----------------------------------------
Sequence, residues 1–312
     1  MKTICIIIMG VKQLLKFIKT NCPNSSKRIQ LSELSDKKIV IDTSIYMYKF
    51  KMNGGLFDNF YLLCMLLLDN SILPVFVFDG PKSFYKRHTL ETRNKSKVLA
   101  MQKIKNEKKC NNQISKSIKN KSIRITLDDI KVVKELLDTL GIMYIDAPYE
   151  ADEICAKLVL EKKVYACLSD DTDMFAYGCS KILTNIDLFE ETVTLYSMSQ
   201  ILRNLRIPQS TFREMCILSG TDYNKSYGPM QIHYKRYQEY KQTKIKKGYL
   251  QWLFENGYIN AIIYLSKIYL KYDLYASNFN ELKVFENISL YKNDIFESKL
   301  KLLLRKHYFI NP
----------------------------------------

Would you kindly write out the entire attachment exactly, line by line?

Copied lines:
Sequence, residues 1–312
     1  MKTICIIIMG VKQLLKFIKT NCPNSSKRIQ LSELSDKKIV IDTSIYMYKF
    51  KMNGGLFDNF YLLCMLLLDN SILPVFVFDG PKSFYKRHTL ETRNKSKVLA
   101  MQKIKNEKKC NNQISKSIKN KSIRITLDDI KVVKELLDTL GIMYIDAPYE
   151  ADEICAKLVL EKKVYACLSD DTDMFAYGCS KILTNIDLFE ETVTLYSMSQ
   201  ILRNLRIPQS TFREMCILSG TDYNKSYGPM QIHYKRYQEY KQTKIKKGYL
   251  QWLFENGYIN AIIYLSKIYL KYDLYASNFN ELKVFENISL YKNDIFESKL
   301  KLLLRKHYFI NP